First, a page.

A male bovine has been quietly on a tear. And what's miraculous is that the animal was in intensive care just 2 years ago. Moreover, its owner is not known for saving dying herds. The days of wondering whether the owner would go back to growing fruit are over.
Ladies and Gentlemen, 94-9 The Bull (WUBL-FM) is one of Atlanta's leading radio stations. It's here to stay, and it's even found the morning show that will carry it into the future.
The story has been told here several times. In December 2006, people enjoying their Christmas favorites were jolted out of their chairs by Country music and aggressive imaging as The Bull was born prematurely. "The biggest stars, the biggest hits" was the positioner. A little humor was interjected: "From our trailer to yours, Merry Christmas." The baby station showed some promise. Owner Clear Channel's seriousness was evident when Clay Hunnicutt, head Country programmer at the company, was dispatched to Atlanta to steer The Bull.
Unlike most format changes, The Bull was not born because of a hole in the market. After all, Atlanta had heritage Country Kicks 101-5 (WKHX-FM) and its flanker sister Eagle 106.7 (WYAY-FM). And the market was surrounded by South 107 (WTSH-FM), 106.3 WNGC and others. It likely came into being because Clear Channel was desperate to grow its Atlanta billings and saw the revenue that Kicks was raking in.
The early promise fizzled out as The Bull's sound and positioning inexplicably changed after a few months. A voicetracked version of Nashville's Big D & Bubba was placed in mornings on the now laid-back Bull. Paul Koffy, a mediocre jock, was hired for middays. A not too tantalizing used car giveaway was shared with other Clear Channel stations. The Bull was getting clobbered by Kicks and beaten by Eagle. If "The Bull" were an answer on Jeopardy, the question would have been, "What were they thinking?"
Realizing Big D & Bubba were not gaining traction, The Bull hired Country comedian Cledus T. Judd in early 2008 from Tampa's WQYK-FM for mornings. But Cledus was not a host; in Florida, he was a sidekick who chimed in with funny lines. And his hillbilly tenor as the main host did not behoove The Bull in this cosmopolitan market. Now well into its second year, The Bull plodded along as a humdrum product with ratings to match. Meanwhile, Clay Hunnicutt was rewarded for this disaster by being promoted to Senior VP and relinquishing day-to-day responsibility for The Bull.
The Bull caught a break on Leap Year Day, 2008, thanks to Citadel CEO Farid Suleman. The Citadel chief did not understand flanking and questioned why the company had competing stations in Kicks and Eagle. He also wanted an Atlanta affiliate for Citadel's nationally syndicated True Oldies Channel and Imus, and needed an operation that would run on the cheap. The upshot of all this was the death of Eagle 106.7 and the release of its quality but costly air staff of Rhubarb Jones, Sandy Weaver and Steve Mitchell. Only morning co-host Dallas McCade was spared and moved over to Kicks. Suddenly, the format hole that was never there for The Bull started to take shape.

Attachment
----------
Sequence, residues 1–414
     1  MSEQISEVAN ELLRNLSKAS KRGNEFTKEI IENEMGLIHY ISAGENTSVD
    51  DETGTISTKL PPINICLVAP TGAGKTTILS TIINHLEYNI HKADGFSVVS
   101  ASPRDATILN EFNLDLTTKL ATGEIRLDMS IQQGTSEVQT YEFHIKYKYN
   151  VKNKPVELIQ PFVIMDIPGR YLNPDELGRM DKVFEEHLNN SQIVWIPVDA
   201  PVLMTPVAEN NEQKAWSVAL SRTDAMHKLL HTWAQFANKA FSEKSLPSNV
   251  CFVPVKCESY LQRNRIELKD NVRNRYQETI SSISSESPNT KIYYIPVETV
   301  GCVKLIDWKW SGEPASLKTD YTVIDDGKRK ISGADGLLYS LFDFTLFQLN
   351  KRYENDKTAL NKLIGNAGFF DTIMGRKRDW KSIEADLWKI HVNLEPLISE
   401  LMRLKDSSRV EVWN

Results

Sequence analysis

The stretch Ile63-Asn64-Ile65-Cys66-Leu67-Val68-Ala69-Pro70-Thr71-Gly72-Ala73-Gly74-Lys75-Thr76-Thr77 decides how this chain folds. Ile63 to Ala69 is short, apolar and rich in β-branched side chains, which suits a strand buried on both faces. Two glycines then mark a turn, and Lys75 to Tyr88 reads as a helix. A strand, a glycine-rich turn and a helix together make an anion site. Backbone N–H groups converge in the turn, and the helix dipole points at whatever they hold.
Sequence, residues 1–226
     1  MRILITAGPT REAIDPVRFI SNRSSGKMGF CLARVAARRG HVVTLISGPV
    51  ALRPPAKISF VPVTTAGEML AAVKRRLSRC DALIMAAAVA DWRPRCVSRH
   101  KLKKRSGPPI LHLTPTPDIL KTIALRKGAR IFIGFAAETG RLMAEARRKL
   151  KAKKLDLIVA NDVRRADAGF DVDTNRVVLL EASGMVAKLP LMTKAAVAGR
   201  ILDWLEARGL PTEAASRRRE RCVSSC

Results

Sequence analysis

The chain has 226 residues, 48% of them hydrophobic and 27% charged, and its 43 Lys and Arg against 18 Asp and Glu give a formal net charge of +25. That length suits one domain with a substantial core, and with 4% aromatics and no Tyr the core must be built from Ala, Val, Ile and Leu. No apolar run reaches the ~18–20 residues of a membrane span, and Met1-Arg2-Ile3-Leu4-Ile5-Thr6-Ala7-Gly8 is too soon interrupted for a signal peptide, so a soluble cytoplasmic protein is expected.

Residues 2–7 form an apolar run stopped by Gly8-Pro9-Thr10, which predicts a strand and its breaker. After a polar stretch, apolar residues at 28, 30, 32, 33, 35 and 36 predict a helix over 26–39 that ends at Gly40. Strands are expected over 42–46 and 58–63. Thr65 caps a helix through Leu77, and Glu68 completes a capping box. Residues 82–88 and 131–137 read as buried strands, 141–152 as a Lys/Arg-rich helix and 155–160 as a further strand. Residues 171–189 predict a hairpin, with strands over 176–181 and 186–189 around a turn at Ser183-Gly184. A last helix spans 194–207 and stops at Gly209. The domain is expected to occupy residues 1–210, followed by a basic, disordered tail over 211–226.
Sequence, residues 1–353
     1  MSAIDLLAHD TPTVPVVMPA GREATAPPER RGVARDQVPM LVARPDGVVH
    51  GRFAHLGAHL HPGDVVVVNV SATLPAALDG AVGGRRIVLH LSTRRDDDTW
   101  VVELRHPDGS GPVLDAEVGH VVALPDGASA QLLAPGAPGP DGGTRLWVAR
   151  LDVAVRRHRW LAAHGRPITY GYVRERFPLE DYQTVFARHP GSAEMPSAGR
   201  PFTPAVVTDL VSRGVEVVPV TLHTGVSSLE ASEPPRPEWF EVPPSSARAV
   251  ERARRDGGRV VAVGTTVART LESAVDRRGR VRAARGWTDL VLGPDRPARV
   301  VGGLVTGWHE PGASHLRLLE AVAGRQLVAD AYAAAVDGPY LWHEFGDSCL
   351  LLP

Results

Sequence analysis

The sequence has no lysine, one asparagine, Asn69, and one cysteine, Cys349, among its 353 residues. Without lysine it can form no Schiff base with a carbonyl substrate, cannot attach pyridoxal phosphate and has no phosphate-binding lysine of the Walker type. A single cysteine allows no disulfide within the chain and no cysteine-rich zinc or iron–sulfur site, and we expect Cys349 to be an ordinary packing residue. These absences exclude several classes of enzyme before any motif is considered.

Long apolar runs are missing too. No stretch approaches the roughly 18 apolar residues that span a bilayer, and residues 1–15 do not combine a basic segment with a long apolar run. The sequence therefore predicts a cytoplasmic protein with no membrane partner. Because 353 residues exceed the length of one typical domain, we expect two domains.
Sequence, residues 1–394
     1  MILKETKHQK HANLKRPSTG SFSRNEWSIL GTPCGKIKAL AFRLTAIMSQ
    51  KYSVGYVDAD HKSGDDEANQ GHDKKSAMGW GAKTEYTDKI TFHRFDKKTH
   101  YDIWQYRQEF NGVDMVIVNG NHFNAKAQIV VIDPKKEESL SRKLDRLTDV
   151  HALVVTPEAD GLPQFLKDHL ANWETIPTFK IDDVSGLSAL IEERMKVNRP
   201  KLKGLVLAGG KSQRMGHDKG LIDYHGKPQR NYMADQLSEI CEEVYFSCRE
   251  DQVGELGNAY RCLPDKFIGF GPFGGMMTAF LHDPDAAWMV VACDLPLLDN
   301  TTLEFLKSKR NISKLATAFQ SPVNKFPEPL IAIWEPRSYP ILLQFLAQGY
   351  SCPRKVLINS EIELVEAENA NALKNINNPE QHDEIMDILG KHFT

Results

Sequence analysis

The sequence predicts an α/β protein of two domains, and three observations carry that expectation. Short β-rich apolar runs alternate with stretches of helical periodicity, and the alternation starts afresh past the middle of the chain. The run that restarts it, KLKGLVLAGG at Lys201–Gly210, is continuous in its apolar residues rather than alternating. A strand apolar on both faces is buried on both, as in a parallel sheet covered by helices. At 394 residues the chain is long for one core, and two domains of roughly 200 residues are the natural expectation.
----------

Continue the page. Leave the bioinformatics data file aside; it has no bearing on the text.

Suleman was not quite finished, however. He also slashed the budget of Atlanta Country leader Kicks 101-5, resulting in the loss of most of its on-air staff. Still standing were morning host Cadillac Jack and Kicks veteran Bill Celler, who slid from middays back into his former afternoon drive slot. Dallas McCade, the sole survivor of the Eagle demolition, was paired with Cadillac Jack, actually improving the morning show. Celler remained on the air for a while and then was taken off in an additional budget cut. The stellar morning show of Cadillac Jack and Dallas McCade remained intact, but all other dayparts on Kicks were filled with part-timers and journeymen personalities. Program Director Mark Richards stayed in place and continued to make the station sound as good as possible with formatics and music.
Kicks 101-5's quality had been severely compromised. Yet 94-9 The Bull, anchored by Cledus Judd, sounded worse and was unable to take advantage of the gift from Mr. Suleman. Before long, Clear Channel Market Manager Chuck Deskins was replaced by Melissa Forrest, and things at The Bull were finally about to change.
Join us next week for the story of The Bull's turnaround. Thanks for reading. I would love to hear from you at firstname.lastname@example.org. Follow us on Twitter at http://www.twitter.com/atlantaairwaves, and we'll follow you back.
Link to Rodney Ho's AJC Radio & TV Blog: http://blogs.ajc.com/radio-tv-talk/